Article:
A beginner's guide to Bitcoin: Everything you need to know about it and how it works

The value of Bitcoin is soaring just now putting it firmly in the headlines.
The value of Bitcoin is soaring just now putting it firmly in the headlines. Copyright Canva
Copyright Canva
By Euronews and AP
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Bitcoin is constantly making headlines but unless you're a crypto investor, you're unlikely to know what the fuss is about. So, what is it?


There's not a week that goes by when Bitcoin isn't making headlines. But unless you're a trader or interested in cryptocurrencies, what it is has probably flown right over your head.

So, why is Bitcoin in the news so much and why should you care? Seen by many as the future of finance, it could have a detrimental impact on the money you have in your pocket.

It's up for debate how much influence it will have on the latter but one thing is certain. Despite the volatile rises and falls in value, Bitcoin is set to be a long-term fixture in the news cycle.

So, how does it work?

While it is always depicted as a physical coin, Bitcoin is actually a virtual currency, or cryptocurrency, that is not tied to a bank or government and allows users to spend money anonymously.

The coins are created by users who "mine" them by lending computing power to verify other users’ transactions which use blockchain technology. They receive Bitcoins in exchange.

The coins also can be bought and sold on exchanges with US dollars and other fiat currencies (the physical money we use every day in our bank accounts).

Some businesses take Bitcoin as payment, and a number of financial institutions allow it in their clients' portfolios, but overall mainstream acceptance is still limited.

Bitcoins are basically lines of computer code that are digitally signed each time they travel from one owner to the next. Transactions can be made anonymously and tokens are easier to move across borders, making the currency popular with libertarians as well as tech enthusiasts, speculators — and sometimes criminals.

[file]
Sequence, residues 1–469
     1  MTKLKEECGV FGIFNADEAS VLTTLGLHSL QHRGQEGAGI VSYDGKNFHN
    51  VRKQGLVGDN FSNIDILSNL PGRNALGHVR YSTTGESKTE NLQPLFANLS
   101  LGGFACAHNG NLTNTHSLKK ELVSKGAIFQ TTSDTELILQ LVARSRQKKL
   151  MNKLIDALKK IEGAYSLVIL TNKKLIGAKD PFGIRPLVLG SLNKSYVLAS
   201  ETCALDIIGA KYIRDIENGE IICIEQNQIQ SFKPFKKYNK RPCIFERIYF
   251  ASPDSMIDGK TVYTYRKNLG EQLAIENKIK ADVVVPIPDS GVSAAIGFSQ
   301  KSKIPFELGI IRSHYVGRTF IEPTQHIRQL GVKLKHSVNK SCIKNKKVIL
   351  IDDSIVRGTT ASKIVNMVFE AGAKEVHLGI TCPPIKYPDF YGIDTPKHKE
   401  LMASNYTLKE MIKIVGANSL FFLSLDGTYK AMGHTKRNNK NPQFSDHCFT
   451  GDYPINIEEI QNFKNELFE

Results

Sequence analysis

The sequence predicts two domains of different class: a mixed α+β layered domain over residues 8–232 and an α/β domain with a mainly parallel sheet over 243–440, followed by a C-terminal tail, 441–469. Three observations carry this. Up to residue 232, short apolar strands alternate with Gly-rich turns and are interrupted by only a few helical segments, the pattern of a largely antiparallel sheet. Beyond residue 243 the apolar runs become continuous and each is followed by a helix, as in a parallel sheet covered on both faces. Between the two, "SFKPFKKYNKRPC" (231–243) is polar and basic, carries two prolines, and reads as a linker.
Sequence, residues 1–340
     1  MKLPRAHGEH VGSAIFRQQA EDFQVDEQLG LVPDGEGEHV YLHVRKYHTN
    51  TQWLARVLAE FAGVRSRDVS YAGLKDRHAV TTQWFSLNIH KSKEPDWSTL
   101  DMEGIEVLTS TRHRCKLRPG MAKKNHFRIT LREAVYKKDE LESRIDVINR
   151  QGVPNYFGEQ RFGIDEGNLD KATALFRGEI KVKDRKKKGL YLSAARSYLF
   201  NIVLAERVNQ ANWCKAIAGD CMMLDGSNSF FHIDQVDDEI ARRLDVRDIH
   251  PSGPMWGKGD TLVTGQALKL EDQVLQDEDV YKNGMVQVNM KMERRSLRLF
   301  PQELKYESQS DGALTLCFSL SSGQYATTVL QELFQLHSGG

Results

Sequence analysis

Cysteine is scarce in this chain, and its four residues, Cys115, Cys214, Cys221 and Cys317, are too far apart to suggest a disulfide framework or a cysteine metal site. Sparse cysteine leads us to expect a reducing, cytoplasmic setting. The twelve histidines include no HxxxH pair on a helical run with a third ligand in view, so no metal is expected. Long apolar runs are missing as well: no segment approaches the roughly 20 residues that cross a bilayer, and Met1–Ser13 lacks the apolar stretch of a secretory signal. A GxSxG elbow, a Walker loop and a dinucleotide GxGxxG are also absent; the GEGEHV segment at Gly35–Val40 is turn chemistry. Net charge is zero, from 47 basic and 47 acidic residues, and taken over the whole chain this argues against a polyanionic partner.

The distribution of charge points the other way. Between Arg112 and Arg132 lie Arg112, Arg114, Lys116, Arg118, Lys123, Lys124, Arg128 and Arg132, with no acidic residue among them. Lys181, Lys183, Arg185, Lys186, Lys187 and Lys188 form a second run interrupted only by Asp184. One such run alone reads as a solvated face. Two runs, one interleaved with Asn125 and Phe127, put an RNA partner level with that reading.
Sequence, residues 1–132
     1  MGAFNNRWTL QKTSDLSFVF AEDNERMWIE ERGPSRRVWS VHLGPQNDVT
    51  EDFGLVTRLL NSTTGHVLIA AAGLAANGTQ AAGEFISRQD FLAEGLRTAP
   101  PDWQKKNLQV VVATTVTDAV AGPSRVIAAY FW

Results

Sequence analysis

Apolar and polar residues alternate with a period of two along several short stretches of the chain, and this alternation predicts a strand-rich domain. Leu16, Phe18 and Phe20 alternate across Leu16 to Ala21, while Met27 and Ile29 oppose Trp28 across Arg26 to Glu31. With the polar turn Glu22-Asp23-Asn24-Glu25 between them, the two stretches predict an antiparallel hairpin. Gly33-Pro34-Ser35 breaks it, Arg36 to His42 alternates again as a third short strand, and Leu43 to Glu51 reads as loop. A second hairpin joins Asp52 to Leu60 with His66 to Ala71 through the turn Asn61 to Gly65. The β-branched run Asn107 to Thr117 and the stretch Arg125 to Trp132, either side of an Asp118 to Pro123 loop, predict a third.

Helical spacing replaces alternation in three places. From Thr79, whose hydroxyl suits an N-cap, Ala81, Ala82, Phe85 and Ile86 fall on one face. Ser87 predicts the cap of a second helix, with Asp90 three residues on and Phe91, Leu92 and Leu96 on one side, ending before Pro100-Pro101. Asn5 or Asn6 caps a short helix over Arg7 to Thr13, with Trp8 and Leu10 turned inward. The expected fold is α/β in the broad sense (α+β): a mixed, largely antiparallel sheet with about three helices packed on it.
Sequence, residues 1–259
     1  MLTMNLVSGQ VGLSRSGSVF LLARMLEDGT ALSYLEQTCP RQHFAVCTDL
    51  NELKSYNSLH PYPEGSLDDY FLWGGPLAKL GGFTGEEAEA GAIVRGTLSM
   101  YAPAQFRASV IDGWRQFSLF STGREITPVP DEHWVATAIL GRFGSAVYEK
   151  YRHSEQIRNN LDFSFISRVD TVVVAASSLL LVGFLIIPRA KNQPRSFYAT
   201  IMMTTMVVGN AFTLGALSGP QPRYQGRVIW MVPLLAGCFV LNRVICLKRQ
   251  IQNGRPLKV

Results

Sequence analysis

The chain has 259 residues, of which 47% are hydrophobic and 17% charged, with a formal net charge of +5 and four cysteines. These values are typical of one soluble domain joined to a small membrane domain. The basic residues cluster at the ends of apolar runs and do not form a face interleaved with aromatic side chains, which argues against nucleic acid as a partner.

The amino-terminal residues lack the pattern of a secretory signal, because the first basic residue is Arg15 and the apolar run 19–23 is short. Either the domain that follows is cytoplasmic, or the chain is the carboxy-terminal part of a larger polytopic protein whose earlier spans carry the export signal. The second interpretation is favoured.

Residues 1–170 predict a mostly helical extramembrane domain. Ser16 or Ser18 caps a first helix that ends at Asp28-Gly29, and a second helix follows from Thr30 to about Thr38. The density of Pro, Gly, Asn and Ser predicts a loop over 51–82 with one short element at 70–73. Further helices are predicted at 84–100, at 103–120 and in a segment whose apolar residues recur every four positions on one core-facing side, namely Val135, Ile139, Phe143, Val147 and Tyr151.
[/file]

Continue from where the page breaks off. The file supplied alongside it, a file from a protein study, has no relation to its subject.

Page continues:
Bitcoins have to be stored in a digital wallet, either online through an exchange like Coinbase, or offline on a hard drive using specialised software.

According to crypto exchange Coinbase, there are about 18.7 million Bitcoins in circulation and only 21 million will ever exist. The reason for that is unclear, and where all the Bitcoins are is anyone’s guess.

How did Bitcoin come to be?

It’s a mystery. Bitcoin was launched in 2009 by a person or group of people operating under the name Satoshi Nakamoto. Bitcoin was then adopted by a small clutch of enthusiasts.

Nakamoto dropped off the map as Bitcoin began to attract widespread attention. But proponents say that doesn’t matter: The currency obeys its own internal logic.

Who is using Bitcoin?

Anyone can use, buy and sell Bitcoin through cryptocurrency exchange platforms and apps. But unless you have tens of thousands of euros just now, it's unlikely you'll be able to afford to buy even one Bitcoin token.

You could buy a share though. Small denominations of Bitcoins exist called Satoshi after the crypto's founder. One Satoshi is worth 0.00000001 Bitcoin.